I grew up in New England as a bonafide bookworm. My love of reading, paired with an overly active imagination, led me to believe I was born in the wrong era. Instead of living in the ‘80s, I was supposed to be traveling across the prairie in a covered wagon (Laura Ingalls), chasing fauns through Narnia (Susan or Lucy Pevensie), or exploring Prince Edward Island in “puffed sleeves” (Anne Shirley); instead I crossed town in a station wagon to chase field hockey balls and wore Tretorns to explore the mall, all while dreaming of leading a more storied existence somewhere like Thornfield Hall, Manderley, or Tara.
After eventually moving to the West coast and attending graduate school, I started teaching high school English and history and writing whenever I had the chance. My main characters tend to be based on the lives of real women who have been frequently overlooked in history books. Many of these women, like May Alcott and Dorothea Lange, can help us better understand the past and draw important connections to our own times.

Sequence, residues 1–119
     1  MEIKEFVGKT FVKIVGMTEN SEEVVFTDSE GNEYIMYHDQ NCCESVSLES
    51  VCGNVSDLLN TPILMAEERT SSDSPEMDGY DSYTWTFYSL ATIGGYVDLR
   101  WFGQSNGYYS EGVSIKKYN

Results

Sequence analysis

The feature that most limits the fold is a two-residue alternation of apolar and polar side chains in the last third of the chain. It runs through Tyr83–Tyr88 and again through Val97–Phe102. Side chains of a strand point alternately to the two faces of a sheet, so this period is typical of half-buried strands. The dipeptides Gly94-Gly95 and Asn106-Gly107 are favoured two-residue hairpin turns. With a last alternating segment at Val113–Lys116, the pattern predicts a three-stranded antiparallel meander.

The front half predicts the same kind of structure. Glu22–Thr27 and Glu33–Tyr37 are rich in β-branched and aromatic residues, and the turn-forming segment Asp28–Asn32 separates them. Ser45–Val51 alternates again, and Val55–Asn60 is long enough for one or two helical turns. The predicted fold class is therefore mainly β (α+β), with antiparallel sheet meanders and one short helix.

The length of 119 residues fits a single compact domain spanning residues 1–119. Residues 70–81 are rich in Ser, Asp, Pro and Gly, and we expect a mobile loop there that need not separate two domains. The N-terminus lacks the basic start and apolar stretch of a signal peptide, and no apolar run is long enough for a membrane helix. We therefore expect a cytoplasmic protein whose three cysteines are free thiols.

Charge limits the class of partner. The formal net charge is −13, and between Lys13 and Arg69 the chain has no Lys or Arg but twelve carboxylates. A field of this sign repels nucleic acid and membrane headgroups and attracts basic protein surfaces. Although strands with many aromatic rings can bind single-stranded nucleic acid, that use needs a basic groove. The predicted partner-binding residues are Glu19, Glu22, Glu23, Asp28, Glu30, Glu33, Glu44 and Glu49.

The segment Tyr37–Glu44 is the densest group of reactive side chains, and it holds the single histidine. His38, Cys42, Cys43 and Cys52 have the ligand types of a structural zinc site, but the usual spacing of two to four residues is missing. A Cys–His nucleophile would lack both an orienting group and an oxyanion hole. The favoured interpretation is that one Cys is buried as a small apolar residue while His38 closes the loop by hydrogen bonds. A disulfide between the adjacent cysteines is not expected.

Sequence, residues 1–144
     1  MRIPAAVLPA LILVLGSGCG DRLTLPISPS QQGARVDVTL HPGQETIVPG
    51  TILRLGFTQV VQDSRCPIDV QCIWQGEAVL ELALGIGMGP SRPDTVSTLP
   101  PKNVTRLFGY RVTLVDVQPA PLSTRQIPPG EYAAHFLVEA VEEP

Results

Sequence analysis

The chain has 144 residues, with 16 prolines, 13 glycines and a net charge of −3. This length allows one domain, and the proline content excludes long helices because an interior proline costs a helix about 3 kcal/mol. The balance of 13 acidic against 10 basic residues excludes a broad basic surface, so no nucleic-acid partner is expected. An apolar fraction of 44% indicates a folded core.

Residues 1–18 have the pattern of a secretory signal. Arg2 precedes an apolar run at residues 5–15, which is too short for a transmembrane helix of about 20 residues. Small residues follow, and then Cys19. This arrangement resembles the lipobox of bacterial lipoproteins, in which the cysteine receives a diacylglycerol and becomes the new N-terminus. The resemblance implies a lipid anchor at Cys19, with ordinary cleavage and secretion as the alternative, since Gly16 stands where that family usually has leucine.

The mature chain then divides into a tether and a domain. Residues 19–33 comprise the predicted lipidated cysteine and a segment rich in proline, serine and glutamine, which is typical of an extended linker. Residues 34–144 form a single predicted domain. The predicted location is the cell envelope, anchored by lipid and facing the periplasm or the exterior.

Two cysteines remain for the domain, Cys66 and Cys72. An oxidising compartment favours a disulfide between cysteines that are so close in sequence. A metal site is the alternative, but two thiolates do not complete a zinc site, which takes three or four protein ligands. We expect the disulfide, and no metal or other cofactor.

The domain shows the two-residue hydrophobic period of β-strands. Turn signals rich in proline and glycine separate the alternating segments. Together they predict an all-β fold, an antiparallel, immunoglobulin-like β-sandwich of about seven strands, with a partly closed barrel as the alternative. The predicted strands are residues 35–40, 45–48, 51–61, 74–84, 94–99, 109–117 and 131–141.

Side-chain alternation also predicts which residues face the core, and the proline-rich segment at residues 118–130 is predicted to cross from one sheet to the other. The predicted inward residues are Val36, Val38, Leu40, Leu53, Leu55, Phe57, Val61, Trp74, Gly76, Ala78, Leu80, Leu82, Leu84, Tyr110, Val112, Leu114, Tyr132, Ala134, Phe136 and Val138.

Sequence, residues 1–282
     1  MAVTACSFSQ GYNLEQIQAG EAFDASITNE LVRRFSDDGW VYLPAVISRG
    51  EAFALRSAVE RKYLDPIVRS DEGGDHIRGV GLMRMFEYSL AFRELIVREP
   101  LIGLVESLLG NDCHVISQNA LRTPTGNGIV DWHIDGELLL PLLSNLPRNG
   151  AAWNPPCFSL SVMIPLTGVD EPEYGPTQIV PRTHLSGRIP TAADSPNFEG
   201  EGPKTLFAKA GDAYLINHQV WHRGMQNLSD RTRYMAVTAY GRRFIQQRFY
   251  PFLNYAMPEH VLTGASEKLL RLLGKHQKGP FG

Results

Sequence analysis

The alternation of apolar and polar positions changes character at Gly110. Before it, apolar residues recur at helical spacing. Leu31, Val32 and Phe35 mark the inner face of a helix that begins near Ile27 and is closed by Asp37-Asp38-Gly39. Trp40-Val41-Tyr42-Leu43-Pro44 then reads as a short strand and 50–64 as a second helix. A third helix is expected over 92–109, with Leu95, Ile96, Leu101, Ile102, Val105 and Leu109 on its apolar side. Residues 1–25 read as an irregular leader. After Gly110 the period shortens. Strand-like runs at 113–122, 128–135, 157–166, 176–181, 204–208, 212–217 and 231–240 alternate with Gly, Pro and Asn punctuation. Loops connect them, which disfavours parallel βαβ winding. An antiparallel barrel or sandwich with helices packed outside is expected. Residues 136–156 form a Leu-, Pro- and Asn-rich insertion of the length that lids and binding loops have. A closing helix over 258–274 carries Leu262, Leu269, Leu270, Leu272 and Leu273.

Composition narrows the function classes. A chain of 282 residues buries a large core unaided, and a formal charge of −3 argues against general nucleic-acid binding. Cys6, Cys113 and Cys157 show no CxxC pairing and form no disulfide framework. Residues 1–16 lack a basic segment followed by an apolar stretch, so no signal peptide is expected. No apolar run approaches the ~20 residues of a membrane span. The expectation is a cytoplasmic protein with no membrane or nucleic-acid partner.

Essays by Elise:
Short bio: Although a New Englander by birth, Elise lives with her husband and two young daughters in Seattle.
The Other Alcott is historical fiction about art, ambition, and the real women behind the March sisters in Louisa May Alcott's beloved classic Little Women.
Learning to See is also historical fiction about Dorothea Lange, the pioneering documentary photographer who captured iconic images of the Great Depression and the incarceration of Japanese Americans during World War II.
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